A keystone form like a Primitive Pythagorean Triple, or a sonnet, can support whole new systems of knowledge, and contain a generative energy that ripples outward from its core, seeking “release / From dusty bondage into luminous air”. Of course, not all sonnets discuss mathematical or scientific subjects directly: very few of them do, in fact. But certainly all sonnets engage aesthetics generally and an aesthetics of form specifically, and on both those levels they are connected historically and structurally to principles of mathematical and scientific beauty, and so on those levels it is fair to say that the meaning of the sonnet form can be connected to scientific aesthetics. In an era where science is profoundly mathematical, and mathematics is a language that most non-scientists don’t speak, it is a beautiful idea that poetics may have the capacity to silently and covertly “speak” beauty mathematically, bringing us back to the shared intellectual heritage of science and literature.

- from "Beauty Bare: The Sonnet Form, Geometry and Aesthetics" by Matthew Chiasson and Janine Rogers, in the Journal of Literature and Science, Volume 2, No. 1 (2009). Thanks to Zach Wells for pointing it out.


tws reading report

The TWS reading last night was a great success. It was the third I've been to, and they seem to keep getting better. Every reader brought something good to the table, higlighted by Renée Saklikar's reading from her work-in-progress The Canada Project. I'm looking forward to seeing the final product.

It was great to see a number of people I hadn't seen in a while, including Tanyss Knowles. She took the reigns of SFU's High Altitude Poetry after myself and a few others graduated, and has now managed to pass those duties on to someone else - quite an accomplishment, to say the least...

Tanyss had the Fall 2009 issue of HAP with her, which includes two poems of mine. It's hard to believe HAP has made it to issue number 25, but here it is, five years and 10,000 copies later... If you're around SFU, you should grab a copy, or better yet, volunteer!


new reader and new launch

First, I'm reading tomorrow night! Ray Hsu has been added to the bill, and Gurjinder Basran will be there fresh off her win in Mother Tongue Publishing's Search for the Great BC Novel contest. The details:

The Writers Studio Reading Series
Thursday, December 10th, 7:00 - 9:30 PM
Rhizome Cafe
317 East Broadway (at Kingsway)

Second, a new event for my "some december readings and launches" post:

Penned: Zoo Poems Vancouver Launch
Tuesday, December 15th, 7 PM
UBC Bookstore at Robson Square
800 Robson Street (Plaza Level)
Featuring: Stephanie Bolster (editor), George McWhirter, Shannon Stewart, and more


getting gifted

As a minister's son, I'm particularly drawn to this. Thanks to Chris Banks for pointing it out.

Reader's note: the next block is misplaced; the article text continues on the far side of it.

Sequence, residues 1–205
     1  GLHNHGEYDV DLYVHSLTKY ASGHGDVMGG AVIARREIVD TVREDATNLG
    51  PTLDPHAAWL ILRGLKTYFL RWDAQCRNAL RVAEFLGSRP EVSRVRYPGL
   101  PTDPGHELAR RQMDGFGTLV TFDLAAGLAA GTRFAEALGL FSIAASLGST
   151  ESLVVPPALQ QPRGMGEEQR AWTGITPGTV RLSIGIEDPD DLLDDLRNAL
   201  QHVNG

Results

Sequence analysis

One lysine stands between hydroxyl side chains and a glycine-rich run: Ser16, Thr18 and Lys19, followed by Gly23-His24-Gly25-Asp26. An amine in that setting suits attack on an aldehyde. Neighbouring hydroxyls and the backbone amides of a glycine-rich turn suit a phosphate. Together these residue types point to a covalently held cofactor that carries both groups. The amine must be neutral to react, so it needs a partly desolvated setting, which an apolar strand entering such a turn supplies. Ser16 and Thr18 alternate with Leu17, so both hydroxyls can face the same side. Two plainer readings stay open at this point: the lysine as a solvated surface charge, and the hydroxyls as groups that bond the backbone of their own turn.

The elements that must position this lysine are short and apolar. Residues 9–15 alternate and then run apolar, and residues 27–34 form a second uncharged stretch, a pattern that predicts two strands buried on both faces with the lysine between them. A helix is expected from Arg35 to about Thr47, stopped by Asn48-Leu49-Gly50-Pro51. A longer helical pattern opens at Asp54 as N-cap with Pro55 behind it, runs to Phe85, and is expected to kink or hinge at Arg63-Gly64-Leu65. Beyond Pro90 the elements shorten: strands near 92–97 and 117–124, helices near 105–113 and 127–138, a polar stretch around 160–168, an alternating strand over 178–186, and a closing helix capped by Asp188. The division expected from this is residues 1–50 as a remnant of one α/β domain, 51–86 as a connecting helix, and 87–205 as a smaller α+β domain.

Update: The video has been taken down, but you can still read the transcript of Hass' words here: https://poets.org/text/video-gift-economy-poetry


true exploration of the world

Poetic attention is important to counterbalance our utilitarian and calculating ways. I feel that any honest and true exploration of the world begins with poetry. Then we break it down into disciplines. It is a way of inquiring, a way of knowing, an intimate conversation... Children have an open mind, a fresh way of seeing the world. That is what poetry asks of us. Why not sustain that, make space for it, allow for this discovery. How? By doing it ourselves. We do not all have to write poems, but I think we can all live poetically. It not only can be delightful, but transformative and empowering, an apprenticeship to freedom.

- Daniela Elza, in response to the question "What is the importance of poetry in society? In schools?" in 4 Poets.


you should never tell your students to write what they know because, of course, they know nothing

The more delicate components of the work pay attention to craft. I’m probably technically oriented and it seems to me that among the poets that I know, many are very lazy and very dumb. I always joke with my students that poetry couldn’t possibly be as hard as they think it is, because if it were as hard as they thought it was, poets wouldn’t do it. Really, they’re the laziest, stupidest people I know. They became poets in part because they were demoted to that job, right? You should never tell your students to write what they know because, of course, they know nothing: they’re poets! If they knew something, they’d be in that disciple actually doing it: they’d be in history or physics or math or business or whatever it is where they could excel. I find this very distressing that the challenge of being a poet in effect to showcase something wondrous or uncanny, if not sublime, about the use of language itself, that we tend to think that because we’re conditioned to use language every day as part of a social contract, we should all be incipient poets, when in fact people have actually dedicated years or decades of their lives to this kind of practice in order to become adept at it and I think that craft and technique are part of that.